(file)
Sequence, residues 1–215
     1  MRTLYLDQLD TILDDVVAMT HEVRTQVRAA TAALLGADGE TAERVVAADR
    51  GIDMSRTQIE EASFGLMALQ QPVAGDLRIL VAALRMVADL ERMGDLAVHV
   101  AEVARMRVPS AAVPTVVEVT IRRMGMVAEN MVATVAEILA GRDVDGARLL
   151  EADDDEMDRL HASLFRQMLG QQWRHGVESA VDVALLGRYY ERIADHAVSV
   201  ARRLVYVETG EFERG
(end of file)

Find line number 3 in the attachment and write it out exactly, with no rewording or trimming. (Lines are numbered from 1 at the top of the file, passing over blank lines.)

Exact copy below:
    51  GIDMSRTQIE EASFGLMALQ QPVAGDLRIL VAALRMVADL ERMGDLAVHV